* Charles McCord, the newsreader with an extensive on-air role who really doesn’t have the personality to be anything other than the guy who reads the news. Then again, his on-air role outside of reading the news doesn’t seem to extend past making me want to clock him every time he refers to Imus as “I-Man” and saying stuff like “that’s a shame” after Imus is done with a fifteen minute rant about nothing.
* Chris Carlin, the guy who’s supposed to be an expert on sports but knows less about them than perhaps even I do and looks like Butterbean’s Lucha mini. For those curious, his ring name would be “Buttercito” and a feud with Super Porky would be fucking MONEY.
* Rob Bartlett, who does the worst impersonations in the history of radio. Think about the fact that it’s radio – home to a plethora of people who only think they can do impressions – and how much ground that covers. His only entertaining persona has been as Brian Wilson, while the rest – including but not limited to the worst Hulk Hogan impersonation ever – are about as amusing as a documentary about quilts. Particularly embarrassing is his character of the stereotypical Italian mafioso. I forget the character’s name, but it’s something like “Louie Meatballs” and hearing him do the character while the rest of the crew forces out old man cackles makes me embarrassed for anyone and everyone ever associated with the “Imus in the Morning” program.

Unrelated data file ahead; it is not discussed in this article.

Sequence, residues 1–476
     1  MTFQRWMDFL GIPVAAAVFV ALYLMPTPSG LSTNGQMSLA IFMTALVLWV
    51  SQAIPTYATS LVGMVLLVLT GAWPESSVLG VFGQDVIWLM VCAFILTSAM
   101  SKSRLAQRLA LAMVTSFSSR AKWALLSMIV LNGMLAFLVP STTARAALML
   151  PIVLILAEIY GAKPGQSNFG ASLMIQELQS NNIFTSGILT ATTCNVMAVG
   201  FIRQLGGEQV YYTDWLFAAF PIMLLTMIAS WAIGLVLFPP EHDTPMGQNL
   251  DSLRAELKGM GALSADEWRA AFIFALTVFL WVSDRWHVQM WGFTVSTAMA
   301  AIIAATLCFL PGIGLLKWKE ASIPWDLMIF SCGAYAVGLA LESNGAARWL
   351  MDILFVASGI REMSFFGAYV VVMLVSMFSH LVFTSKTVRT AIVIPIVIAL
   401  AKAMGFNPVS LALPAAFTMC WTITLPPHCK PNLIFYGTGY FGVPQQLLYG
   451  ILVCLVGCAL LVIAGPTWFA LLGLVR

So yeah, there’s a million reasons why I’m happy Don Imus was fired, even if I don’t agree with the actual reason for it. But Hell, he’s off the air, so some good has come from all this. Call me what you want, but I’m not ashamed to say that someone else’s misery has brought me great joy. Well…perhaps “misery” is too strong of a word, because unless he jumps to satellite, CBS still has to honor the rest of his contract (which gives him $10 million a year) and he’ll definitely get a spot on either Sirius or XM at some point. Actually, judging by the overwhelming reaction to his firing, more people will be interested in listening to Don Imus than ever before when he does make the jump, so…fuck. Ah well, at least the interest will wane as soon as “Louie Meatballs” or whatever talks about whacking guys while Don Imus makes some lame crack about sleeping with the fishes and Charlie goes “OH I-MAN.”